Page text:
Salary Survey Extra: The impact on income of higher education
Posted on
January 20, 2022

Salary Survey Extra is a series of periodic dispatches that give added insight into the findings of our most recent Salary Survey. These posts contain previously unpublished Salary Survey data.

What is the value of higher education in the IT sphere? Does an academic degree boost earning power?

The ongoing COVID pandemic has affected a lot of things that were once thought to be unshakeable pillars of society. That includes the four-year university education — college enrollment in the United States wobbled through the early months of the pandemic, and has been sliding ever since. Sort of like participation in the U.S. workforce, actually.

Employment researchers consistently find that IT employers prefer college graduates. That’s not likely to change in the near future, which could mean that a job market faced with fewer overall college graduates winds up paying more to hire the ones who are available. That’s clearly advantageous for anyone entering the workforce with an IT-related degree.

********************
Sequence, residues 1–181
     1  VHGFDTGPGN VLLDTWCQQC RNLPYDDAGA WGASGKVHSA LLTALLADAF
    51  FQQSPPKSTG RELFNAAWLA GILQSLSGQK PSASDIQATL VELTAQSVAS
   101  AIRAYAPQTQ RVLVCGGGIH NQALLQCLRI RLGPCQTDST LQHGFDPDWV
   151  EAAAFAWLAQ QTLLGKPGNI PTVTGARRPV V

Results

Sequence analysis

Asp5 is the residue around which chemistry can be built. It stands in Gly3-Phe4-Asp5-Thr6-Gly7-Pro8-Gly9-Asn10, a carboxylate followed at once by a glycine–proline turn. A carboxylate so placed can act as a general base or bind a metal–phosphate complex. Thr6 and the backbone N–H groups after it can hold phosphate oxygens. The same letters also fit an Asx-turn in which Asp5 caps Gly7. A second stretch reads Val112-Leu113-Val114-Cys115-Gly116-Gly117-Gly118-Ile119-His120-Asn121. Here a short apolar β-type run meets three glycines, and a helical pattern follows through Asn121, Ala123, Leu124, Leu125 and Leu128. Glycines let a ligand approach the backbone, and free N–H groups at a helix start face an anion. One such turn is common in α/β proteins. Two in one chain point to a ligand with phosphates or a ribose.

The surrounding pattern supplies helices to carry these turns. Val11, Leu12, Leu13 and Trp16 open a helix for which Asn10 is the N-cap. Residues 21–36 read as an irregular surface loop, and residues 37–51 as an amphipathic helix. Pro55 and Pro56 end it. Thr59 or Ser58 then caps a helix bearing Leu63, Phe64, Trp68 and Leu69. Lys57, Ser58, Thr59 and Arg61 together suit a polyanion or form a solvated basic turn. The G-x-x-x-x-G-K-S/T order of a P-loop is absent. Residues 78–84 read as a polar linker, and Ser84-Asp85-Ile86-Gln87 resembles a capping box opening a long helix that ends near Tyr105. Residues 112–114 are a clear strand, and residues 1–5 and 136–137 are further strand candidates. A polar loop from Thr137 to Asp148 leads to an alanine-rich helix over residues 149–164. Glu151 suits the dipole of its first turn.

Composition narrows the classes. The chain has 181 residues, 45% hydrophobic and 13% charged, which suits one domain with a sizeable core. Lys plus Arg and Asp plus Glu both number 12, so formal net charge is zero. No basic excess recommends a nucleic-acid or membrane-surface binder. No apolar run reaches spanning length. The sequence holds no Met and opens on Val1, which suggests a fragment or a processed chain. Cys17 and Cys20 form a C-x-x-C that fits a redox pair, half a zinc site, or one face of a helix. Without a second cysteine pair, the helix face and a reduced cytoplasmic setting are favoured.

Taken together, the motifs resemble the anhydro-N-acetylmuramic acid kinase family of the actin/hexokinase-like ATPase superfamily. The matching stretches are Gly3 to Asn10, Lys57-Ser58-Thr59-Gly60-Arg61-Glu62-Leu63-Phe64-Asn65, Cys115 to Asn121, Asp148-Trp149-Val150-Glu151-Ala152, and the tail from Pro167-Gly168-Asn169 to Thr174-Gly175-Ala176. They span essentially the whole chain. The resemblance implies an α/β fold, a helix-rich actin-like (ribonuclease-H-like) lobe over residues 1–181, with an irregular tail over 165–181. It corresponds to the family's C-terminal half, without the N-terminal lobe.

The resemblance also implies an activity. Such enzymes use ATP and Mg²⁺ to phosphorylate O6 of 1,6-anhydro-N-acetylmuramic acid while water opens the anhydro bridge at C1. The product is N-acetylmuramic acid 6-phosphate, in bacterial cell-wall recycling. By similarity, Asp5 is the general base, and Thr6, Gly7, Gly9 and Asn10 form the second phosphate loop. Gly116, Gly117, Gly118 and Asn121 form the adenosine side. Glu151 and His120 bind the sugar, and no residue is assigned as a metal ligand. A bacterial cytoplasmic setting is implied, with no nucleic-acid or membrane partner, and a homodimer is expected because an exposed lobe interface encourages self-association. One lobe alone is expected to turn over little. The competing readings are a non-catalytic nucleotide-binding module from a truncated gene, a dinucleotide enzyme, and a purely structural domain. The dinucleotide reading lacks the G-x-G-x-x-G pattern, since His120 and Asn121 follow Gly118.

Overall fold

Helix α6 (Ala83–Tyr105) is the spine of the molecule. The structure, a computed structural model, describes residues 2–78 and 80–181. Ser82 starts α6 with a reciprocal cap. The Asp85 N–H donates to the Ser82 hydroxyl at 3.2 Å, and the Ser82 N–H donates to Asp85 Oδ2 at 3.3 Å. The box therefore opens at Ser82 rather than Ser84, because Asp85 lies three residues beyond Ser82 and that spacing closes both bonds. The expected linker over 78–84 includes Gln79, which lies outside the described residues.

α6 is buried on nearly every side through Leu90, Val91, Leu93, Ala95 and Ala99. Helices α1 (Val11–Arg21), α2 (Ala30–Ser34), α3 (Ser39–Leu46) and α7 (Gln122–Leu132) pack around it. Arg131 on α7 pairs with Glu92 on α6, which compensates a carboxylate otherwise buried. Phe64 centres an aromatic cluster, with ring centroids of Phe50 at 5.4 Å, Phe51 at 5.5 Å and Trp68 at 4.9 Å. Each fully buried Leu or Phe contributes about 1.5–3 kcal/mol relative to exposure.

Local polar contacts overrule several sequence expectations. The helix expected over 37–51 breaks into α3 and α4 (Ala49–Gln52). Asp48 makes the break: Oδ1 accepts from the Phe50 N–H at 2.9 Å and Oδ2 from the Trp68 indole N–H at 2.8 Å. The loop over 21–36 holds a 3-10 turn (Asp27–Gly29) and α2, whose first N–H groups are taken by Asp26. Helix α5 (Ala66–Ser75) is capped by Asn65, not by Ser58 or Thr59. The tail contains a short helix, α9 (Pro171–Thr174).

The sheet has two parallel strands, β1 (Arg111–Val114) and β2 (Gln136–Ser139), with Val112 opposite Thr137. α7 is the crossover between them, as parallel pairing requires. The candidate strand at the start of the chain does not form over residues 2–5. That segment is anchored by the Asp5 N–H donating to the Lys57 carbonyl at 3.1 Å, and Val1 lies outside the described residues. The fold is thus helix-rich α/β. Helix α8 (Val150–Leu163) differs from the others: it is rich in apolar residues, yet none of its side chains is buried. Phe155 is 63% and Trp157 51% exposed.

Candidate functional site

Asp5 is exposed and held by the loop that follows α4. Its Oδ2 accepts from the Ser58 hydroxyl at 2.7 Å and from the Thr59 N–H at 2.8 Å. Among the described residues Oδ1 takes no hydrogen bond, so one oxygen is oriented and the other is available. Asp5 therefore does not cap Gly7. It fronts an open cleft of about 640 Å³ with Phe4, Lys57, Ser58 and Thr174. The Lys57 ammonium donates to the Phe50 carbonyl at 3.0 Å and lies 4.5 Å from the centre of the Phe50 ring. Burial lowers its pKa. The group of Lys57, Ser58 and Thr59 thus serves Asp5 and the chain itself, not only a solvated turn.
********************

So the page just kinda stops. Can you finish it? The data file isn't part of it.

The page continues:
That’s to say nothing of the legions of certified IT professionals who graduated from college and already have jobs. They may find that the value of their education is more pronounced than usual. Does that mean that anyone contemplating a career in IT should necessarily pursue a college education?

There’s anecdotal evidence on both sides, of course. Some of the most venerated and successful figures in the professional IT landscape started college but dropped out before completing whatever course of study they were pursuing. Jack Dorsey famously dropped out of New York University one semester before he could (would?) have graduated and launched Twitter a year later.

On the other side of the coin are individuals like Google CEO Sundar Pichai, who earned a bachelor’s degree and two master’s degrees.

Each year when the Salary Survey rolls around, we ask respondents to identify the highest level of formal education they’ve completed. The breakdown, with U.S. respondents separated from those chiming in from other nations, is as follows: